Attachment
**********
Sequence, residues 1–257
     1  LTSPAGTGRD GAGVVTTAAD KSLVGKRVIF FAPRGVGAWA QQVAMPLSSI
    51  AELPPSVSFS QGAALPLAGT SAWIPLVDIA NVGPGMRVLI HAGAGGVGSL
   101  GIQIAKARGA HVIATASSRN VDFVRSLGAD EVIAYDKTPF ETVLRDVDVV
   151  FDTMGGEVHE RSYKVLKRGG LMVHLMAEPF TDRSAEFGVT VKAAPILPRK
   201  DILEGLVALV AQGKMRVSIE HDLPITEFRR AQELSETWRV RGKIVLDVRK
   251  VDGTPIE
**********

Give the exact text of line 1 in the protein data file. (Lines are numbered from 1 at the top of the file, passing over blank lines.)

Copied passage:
Sequence, residues 1–257